2. Why do Republicans consistently vote down transparency laws for campaign finance, especially in the face of our wide-open, unlimited giving thanks to Citizens United?

    We have laws against foreign entities participating in our elections, but without finance transparency, we have no idea how much foreign nationals and foreign governments are participating.

    Maybe we’ll get an idea if we get to see how much Russian money was laundered through the NRA in the 2016 election cycle.

    Colorado should be leading the nation in transparent government, and that starts with our election process.

  3. “Why do Republicans consistently vote down transparency laws for campaign finance, especially in the face of our wide-open, unlimited giving thanks to Citizens United?”

    Because of the First Amendment. Have you ever read it? Here, let me help:

    “Congress shall make no law respecting an establishment of religion, or prohibiting the free exercise thereof; or abridging the freedom of speech, or of the press; or the right of the people peaceably to assemble, and to petition the Government for a redress of grievances.”

    The First Amendment says nothing about the government forcing those who exercise their right of free speech to give out their name and address to the public, such that any kook can firebomb their house.

    I realize that Democrats on in favor of identification since so many of them don’t work and have plenty of time to harass their political opponents. But Republicans work all day and can’t afford to do the same.

    Keep political speech anonymous.

  4. CapitalRoader —

    have you considered the possible contradiction of your thoughts?

    In McIntyre v. Ohio Elections Commission, [21. 514 U.S. 334 (1995)].
    though there was a powerful case that the First Amendment protected anonymous political speech, Justice Scalia sided with the progressive tradition that permitted the state to ban anonymous speech. [22. See id. at 371–85 (Scalia, J., dissenting)]. Chief Justice Rehnquist joined the dissent.

    One key paragraph:
    “But the usefulness of a signing requirement lies not only in promoting observance of the law against campaign falsehoods (though that alone is enough to sustain it). It lies also in promoting a civil and dignified level of campaign debate–which the State has no power to command, but ample power to encourage by such undemanding measures as a signature requirement. Observers of the past few national elections have expressed concern about the increase of character assassination–“mudslinging” is the colloquial term–engaged in by political candidates and their supporters to the detriment of the democratic process. Not all of this, in fact not much of it, consists of actionable untruth; most is innuendo, or demeaning characterization, or mere disclosure of items of personal life that have no bearing upon suitability for office. Imagine how much all of this would increase if it could be done anonymously. The principal impediment against it is the reluctance of most individuals and organizations to be publicly associated with uncharitable and uncivil expression. Consider, moreover, the increased potential for “dirty tricks.” It is not unheard of for campaign operatives to circulate material over the name of their opponents or their opponents’ supporters (a violation of election laws) in order to attract or alienate certain interest groups. See, e.g., B. Felknor, Political Mischief: Smear, Sabotage, and Reform in U. S. Elections 111-112 (1992) (fake United Mine Workers’ newspaper assembled by the National Republican Congressional Committee); New York v. Duryea, 76 Misc. 2d 948, 351 N. Y. S. 2d 978 (Sup. 1974) (letters purporting to be from the “Action Committee for the Liberal Party” sent by Republicans). How much easier–and sanction free!–it would be to circulate anonymous material (for example, a really tasteless, though not actionably false, attack upon one’s own candidate) with the hope and expectation that it will be attributed to, and held against, the other side. “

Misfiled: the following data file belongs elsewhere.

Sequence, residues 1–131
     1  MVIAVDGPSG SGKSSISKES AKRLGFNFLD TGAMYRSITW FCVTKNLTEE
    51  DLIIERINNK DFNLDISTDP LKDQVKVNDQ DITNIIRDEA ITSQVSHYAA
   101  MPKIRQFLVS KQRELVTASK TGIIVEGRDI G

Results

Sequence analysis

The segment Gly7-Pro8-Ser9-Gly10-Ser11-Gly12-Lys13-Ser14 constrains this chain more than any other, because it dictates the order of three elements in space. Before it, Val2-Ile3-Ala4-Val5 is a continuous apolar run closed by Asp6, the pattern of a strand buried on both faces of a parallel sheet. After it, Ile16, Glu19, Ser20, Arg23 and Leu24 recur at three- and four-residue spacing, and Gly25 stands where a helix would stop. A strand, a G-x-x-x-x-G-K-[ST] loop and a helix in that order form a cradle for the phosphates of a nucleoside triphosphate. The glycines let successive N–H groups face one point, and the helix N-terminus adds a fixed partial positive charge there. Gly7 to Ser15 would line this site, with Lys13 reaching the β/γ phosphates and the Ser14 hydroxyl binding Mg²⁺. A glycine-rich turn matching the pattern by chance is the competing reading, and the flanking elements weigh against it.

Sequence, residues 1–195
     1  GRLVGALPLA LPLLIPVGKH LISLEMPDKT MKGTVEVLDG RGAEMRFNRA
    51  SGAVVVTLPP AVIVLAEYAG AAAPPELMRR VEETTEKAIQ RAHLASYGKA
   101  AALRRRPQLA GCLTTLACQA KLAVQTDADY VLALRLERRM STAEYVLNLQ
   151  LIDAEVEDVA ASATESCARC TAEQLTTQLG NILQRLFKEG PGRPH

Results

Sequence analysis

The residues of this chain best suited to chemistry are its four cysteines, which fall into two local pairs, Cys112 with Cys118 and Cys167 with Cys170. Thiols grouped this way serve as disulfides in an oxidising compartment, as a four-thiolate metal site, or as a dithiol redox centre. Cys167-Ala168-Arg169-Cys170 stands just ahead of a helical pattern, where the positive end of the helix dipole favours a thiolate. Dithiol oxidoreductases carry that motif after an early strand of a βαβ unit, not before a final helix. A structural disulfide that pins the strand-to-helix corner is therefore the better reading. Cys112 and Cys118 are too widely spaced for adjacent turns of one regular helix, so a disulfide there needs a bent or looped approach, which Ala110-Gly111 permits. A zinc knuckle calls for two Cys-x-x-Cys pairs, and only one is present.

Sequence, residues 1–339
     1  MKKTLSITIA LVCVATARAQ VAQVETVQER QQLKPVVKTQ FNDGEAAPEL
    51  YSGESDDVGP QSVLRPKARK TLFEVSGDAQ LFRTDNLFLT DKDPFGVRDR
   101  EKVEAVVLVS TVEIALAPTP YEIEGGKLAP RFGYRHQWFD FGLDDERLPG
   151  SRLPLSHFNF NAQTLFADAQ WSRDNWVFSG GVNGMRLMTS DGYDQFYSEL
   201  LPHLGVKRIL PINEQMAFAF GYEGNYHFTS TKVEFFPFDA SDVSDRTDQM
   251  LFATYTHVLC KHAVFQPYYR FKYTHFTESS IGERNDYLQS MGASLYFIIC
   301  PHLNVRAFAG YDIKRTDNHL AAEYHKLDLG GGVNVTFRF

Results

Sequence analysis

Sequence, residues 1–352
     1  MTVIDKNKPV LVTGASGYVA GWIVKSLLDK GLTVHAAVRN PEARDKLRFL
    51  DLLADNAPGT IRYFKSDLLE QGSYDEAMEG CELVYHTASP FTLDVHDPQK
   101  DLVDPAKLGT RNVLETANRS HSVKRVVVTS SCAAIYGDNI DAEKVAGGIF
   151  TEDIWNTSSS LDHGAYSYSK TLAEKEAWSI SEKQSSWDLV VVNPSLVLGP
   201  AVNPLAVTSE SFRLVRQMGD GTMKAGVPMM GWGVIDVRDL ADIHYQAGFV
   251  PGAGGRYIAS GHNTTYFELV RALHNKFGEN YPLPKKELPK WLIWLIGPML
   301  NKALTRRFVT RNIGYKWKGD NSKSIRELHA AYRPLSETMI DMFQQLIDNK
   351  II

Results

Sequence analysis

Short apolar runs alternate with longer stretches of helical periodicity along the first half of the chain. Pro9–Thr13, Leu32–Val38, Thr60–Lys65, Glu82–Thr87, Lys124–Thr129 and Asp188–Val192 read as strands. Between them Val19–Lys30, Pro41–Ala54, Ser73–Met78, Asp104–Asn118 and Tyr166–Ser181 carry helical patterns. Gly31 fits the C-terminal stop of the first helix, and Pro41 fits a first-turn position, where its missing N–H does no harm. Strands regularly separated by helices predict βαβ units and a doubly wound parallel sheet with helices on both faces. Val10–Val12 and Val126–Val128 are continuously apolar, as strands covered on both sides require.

5. Hypocrisy much?

    When given the opportunity to vote to preserve disclosure, Mike Weissman went the other way –
    instead voting to REMOVE existing disclosure requirements involving payments to lawyers and law firms conducting work for candidates and political committees (“in-kind” contributions of legal services).

    Weissman’s vote for the “Lawyer Loophole” legislation this last year (HB18-1047) carves out disclosure exemptions for lawyers and law firms – enabling them to launder loads of “dark money” in politics.

    Perhaps because he, himself, is a lawyer in addition to being a politician?

  6. Well, I’ve worked all my life and I value every penny I’ve earned and every single penny that I spend.